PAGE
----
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Members of the public wait in line outside TTPOST on Coffee Street in San Fernando to drop off their froms for the Salary Relief Grants yesterday.

KEVON FELMINE

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With their savings running low, scores of unemployed people queued outside TTPost offices across the country to submit forms for Government’s Salary Relief Grant amidst the economic woes brought on by the COVID-19 crisis.

Many were stressed and a few were optimistic that the $1,500 grant would carry them through, but most were just hoping that the crisis would be over so they could return to work.

As the Guardian Media crew arrived at the TTPost offices on Coffee Street, San Fernando, many were too shy or ashamed at having to depend on government welfare for the first time in their lives.

A few weeks ago, South Oropouche mechanic Avinda Partap was employed at a transport company, collecting a salary that was adequate to support himself and his wife. Partap said while his employers try their best to assist workers, business is slower because of the COVID shutdown.

“I had a bit of money put aside and it is starting to finish so I have to see about this form here now. I don’t know how long this will work out for.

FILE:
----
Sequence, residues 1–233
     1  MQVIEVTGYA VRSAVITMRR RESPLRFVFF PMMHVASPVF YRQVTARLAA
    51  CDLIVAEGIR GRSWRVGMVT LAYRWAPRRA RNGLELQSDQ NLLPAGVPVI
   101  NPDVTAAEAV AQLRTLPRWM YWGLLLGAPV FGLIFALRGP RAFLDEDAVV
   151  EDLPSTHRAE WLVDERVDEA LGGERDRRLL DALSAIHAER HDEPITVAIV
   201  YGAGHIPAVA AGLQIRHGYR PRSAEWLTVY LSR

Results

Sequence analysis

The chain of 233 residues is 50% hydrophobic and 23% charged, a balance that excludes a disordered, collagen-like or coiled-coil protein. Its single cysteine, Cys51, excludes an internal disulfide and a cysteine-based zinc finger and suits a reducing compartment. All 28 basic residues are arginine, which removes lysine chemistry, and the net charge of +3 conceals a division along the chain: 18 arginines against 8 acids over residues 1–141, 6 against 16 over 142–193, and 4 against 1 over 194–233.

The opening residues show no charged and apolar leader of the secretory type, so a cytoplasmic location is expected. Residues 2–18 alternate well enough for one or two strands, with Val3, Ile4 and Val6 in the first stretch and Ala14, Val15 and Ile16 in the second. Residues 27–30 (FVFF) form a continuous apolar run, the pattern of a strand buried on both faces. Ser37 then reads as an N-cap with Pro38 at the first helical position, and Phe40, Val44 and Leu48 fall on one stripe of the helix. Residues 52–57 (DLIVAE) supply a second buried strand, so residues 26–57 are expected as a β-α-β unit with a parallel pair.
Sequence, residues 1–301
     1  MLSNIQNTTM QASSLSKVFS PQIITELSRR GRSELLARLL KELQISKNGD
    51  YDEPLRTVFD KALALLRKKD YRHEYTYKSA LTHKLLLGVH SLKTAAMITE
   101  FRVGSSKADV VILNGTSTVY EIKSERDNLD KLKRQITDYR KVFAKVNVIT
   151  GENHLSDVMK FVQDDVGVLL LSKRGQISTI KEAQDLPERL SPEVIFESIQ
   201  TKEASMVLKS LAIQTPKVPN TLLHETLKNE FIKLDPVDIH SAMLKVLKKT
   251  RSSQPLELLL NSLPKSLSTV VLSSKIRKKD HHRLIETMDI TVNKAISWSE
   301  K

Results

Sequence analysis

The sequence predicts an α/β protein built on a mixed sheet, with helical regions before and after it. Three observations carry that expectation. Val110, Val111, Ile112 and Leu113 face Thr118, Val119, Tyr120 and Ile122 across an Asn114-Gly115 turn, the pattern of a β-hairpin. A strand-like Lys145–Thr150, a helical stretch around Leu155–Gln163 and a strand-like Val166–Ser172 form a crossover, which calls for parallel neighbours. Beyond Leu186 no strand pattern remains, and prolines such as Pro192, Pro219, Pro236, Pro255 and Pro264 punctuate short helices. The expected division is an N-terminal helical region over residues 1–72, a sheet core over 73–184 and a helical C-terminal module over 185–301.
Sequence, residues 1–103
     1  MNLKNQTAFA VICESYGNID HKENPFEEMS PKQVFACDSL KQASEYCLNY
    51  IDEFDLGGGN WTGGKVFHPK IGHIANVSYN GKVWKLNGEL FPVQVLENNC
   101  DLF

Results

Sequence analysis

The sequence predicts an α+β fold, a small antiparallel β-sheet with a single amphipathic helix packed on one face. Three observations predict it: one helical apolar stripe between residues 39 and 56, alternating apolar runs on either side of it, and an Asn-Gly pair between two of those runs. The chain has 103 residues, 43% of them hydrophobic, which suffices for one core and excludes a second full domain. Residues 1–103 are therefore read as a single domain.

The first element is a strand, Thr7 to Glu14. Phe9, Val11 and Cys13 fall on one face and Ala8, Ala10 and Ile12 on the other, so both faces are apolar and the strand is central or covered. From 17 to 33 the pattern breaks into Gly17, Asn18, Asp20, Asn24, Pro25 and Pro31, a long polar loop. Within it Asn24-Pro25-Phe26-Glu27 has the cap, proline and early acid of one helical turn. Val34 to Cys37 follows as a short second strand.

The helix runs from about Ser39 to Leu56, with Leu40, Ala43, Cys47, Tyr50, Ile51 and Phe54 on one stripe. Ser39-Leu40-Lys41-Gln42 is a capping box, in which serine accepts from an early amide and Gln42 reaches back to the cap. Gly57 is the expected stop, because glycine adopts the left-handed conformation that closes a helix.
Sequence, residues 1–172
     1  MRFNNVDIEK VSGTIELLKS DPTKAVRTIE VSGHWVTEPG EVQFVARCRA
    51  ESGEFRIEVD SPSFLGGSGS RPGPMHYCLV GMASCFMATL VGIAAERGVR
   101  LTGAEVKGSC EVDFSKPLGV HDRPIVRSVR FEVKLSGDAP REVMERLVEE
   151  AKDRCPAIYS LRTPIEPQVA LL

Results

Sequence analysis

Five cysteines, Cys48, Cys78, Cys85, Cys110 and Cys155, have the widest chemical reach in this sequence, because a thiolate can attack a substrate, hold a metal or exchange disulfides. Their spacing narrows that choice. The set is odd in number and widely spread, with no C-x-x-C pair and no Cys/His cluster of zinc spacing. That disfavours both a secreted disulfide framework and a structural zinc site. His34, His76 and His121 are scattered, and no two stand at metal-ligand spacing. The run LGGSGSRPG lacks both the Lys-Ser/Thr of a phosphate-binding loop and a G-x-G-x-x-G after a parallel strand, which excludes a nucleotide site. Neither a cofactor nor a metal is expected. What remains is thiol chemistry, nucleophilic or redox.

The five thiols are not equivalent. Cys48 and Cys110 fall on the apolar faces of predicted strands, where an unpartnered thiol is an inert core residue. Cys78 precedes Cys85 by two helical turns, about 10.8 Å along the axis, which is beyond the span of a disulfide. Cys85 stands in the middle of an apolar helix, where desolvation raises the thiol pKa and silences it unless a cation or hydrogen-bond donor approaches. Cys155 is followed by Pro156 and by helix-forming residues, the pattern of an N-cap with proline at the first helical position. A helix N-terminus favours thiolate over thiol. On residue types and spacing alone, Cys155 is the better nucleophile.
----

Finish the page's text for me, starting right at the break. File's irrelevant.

“My company kind of shut down because of COVID-19. Right now they have essential workers but they are on call out and the rest of workers have to stay home,” Partap said.

Based on his savings, he averages that his family can manage for the next two months.

“Right now I am depending on this money here. Other than that, I will have to turn into a vagrant.”

He was annoyed, however, that National Insurance Board was not accepting the application. When he went to their office along Harris Promenade, he was directed to TTPost.

Self-employed citizens have to wait until the Ministry of Finance rolls out the second phase of the grants. (See other story)

But for some who worked as casual labour in the private sector, they were disappointed at learning that they could not apply for the grant. This included Kenrick Singh, a sign technician who was paid per job. Singh said because of this he was not making NIS contribution for several months and was told he could not access the grant.

It was a double whammy for Singh. First, the company he worked for closed when Government passed the Public Health Ordinance (CoViD-19 Regulations) which mandated the closure of non-essential services. Secondly, to support his family, Singh took up the job as a PH taxi driver. However, Penal police stopped him in a roadblock last week and officers informed him that this source of income was illegal. They even took his car’s registration number to ensure he complied with the law. However, the officers gave him the application form to take to the NIB.

“It is tough. I was working a little PH on the road but the police told us that we were not allowed to do that. It is a $50,000 fine. Out of desperation, I said I have to ask something of the Government … Whatever I had home is finished and I have a wife and two children so I don’t have a choice. I turn to the Government now,” Singh said.

He was told to try the Ministry of Social Development and Family Services for food support and other assistance.

A construction labourer said he lost his job over a month ago and it was hard financially for him and his colleagues.

“All this going on right now, I mean the little grant can’t really help many people but at least it can do something.”

While the lines were long in some areas, there was a smooth flow in San Fernando with applicants observing social distancing and mask-wearing advice.